CMHC ends 30-year monopoly of the custody of mortgage records in Canada
Story by: Garry Marr
Canada Mortgage and Housing Corp. has effectively broken up a 30-year monopoly related to the custody of mortgage records in the country, a move the new entrant into the market says could open up the multi-billion dollar securitization business to others.
CST Trust Company, a Canadian-based entity which provides financial and administration support for the financial industry, said last week it had received certification to act as a third-party to store documents related to the mortgages of millions of Canadians.
For three decades, that custody was handled by one provider which was using a manual process to record some of the data used in connection with Canadian mortgages. Banks do hold onto the loan records but CMHC, which runs the multi billion dollar program that securitizes government backed consumer mortgages, requires a third party to hold onto documentation for risk reasons.
Computer Share Inc., an Australian-based company, has been the only custodian of that information until now but that is about to change and CST says it has already signed up one major Canadian bank, a move that needed approval from CMHC. A Computershare spokesman could not be reached for comment.
“Like any monopoly, it’s not the best type of service, so no one has really tried to penetrate this market and do any type of good work like digitizing mortgage records and working to a more electronic solution,” said Frank Turzanski, a senior vice-president with CST who will head up the operation.
The company wouldn’t say what the rights to the market could be worth but there are almost $500 billion in mortgages outstanding under the National Housing Act Mortgage-Backed Securities program administered by CMHC.
“It’s taking out a lot of risk by having an alternative provider and ultimately provides flexibility in the capital markets about how mortgages are financed,” said Turzanski. “We are building a digital registry concept and this may diversify how mortgages are funded in Canada.”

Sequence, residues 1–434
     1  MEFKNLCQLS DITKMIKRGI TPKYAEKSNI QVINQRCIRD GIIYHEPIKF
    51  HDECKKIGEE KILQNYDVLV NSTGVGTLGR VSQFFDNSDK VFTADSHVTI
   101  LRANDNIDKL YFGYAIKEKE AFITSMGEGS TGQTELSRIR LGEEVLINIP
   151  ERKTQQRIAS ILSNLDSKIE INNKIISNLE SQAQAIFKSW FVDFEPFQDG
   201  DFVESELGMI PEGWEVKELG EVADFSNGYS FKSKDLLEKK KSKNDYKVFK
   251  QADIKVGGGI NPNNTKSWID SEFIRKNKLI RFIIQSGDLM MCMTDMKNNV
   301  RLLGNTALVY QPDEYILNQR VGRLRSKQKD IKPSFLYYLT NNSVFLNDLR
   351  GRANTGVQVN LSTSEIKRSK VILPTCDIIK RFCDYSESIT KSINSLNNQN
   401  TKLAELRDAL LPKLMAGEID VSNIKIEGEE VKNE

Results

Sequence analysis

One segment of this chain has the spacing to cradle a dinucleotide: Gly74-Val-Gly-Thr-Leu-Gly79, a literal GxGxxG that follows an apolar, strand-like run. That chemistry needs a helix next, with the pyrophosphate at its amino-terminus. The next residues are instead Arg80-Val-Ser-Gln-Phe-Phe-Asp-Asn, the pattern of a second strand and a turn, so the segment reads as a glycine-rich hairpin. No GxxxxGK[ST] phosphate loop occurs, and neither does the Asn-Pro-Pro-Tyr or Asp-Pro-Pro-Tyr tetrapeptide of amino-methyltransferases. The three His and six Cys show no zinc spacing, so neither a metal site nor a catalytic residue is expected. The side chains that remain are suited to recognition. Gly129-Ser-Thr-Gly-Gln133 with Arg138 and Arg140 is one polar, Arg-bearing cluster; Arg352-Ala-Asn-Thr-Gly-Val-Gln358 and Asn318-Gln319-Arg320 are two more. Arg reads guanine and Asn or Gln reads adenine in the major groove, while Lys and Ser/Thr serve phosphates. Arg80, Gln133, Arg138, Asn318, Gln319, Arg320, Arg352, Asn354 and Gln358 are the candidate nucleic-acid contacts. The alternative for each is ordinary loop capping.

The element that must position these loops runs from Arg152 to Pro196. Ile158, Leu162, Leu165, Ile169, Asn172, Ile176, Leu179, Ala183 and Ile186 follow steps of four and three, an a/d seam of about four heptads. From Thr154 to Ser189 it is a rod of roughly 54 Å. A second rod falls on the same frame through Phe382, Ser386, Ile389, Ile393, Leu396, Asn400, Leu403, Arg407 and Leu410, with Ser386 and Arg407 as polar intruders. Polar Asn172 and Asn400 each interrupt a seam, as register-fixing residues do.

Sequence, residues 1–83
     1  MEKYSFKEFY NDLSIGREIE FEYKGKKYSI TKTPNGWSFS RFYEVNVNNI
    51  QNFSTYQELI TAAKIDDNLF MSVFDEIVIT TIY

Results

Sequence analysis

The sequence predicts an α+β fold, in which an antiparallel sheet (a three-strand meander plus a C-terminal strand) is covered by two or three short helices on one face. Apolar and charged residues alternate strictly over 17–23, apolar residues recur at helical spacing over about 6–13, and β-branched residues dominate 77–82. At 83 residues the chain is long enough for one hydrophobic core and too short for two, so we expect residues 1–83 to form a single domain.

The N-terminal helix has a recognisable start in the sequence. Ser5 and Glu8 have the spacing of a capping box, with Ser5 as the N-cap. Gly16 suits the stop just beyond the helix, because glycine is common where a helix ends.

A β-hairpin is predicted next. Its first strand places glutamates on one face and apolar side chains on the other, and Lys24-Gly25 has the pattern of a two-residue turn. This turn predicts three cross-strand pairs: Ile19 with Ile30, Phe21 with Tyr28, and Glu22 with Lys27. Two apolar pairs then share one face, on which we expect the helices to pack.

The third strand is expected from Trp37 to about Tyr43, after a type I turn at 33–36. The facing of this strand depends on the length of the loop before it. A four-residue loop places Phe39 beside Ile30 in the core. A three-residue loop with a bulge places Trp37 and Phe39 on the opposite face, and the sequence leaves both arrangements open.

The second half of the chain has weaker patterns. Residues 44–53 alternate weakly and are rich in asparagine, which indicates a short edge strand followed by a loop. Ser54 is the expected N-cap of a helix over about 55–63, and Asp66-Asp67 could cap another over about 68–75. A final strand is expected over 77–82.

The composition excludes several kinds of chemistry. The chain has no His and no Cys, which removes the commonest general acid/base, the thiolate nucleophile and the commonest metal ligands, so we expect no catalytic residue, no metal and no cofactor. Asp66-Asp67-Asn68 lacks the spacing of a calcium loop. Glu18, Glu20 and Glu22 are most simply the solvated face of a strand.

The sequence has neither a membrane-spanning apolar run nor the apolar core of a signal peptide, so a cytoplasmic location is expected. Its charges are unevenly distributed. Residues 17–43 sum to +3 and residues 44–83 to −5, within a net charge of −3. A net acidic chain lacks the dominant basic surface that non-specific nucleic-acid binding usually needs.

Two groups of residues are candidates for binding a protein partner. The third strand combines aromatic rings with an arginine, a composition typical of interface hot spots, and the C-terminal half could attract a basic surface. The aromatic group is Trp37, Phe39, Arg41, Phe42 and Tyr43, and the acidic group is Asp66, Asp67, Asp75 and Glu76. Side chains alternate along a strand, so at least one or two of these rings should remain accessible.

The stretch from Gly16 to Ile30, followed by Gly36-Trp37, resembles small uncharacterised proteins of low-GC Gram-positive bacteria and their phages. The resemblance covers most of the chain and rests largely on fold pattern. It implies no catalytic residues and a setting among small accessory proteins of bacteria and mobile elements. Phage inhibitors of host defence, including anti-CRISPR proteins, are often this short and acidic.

The electronic repository, with CST as the registered title holder, will track beneficial ownership of every mortgage from origination through its sale to investors and subsequent securitization. The company say this provides the issuers, originators and investors with easily searchable, on-demand access to specific asset information whenever they need it and eliminates delays and potential inaccuracies. It will also have storage of physical documents off-site.
Turzanski says that capital markets are looking for alternative funding solutions outside of CMHC’s program, but with no real electronic registry in Canada it has yet to materialize. CMHC has gradually been reducing Ottawa’s exposure to the housing market and this could help with that effort.
“The government might want to reduce its exposure to the securitization (market),” he said. “Perhaps this could allow non-insured product to be sold to the comfort level of whatever that investor is.”
The impetus started when CST pitched one of the banks, one of the three largest in the country, to act as its custodian for records and that financial institution then needed approval from CMHC.
Joaquin Ortigosa, manager of securitization policy at CMHC, said companies like CST maintain program specific documentation like legal agreements that affect the transfer of mortgages from financial institutions and powers of attorney that allow the Crown corporation to take beneficial title in the event of defaults.
Karen Bailey, director of securitization operations at CMHC, said there are electronic copies of all these documents, but they are not digitized in a way that is searchable. “It’s not just taking a paper document to be copied,” Bailey said. “There is room for a value-added service which CST seems to be offering.”
Ortigosa didn’t think CST’s entrance would add any liquidity to the market but said what CST is doing could add value to other players like investors. “They can gain access to the underwriting file, if they need it,” he said.
Neither would comment on what the news might mean, if anything, to CMHC’s future in the securitization market.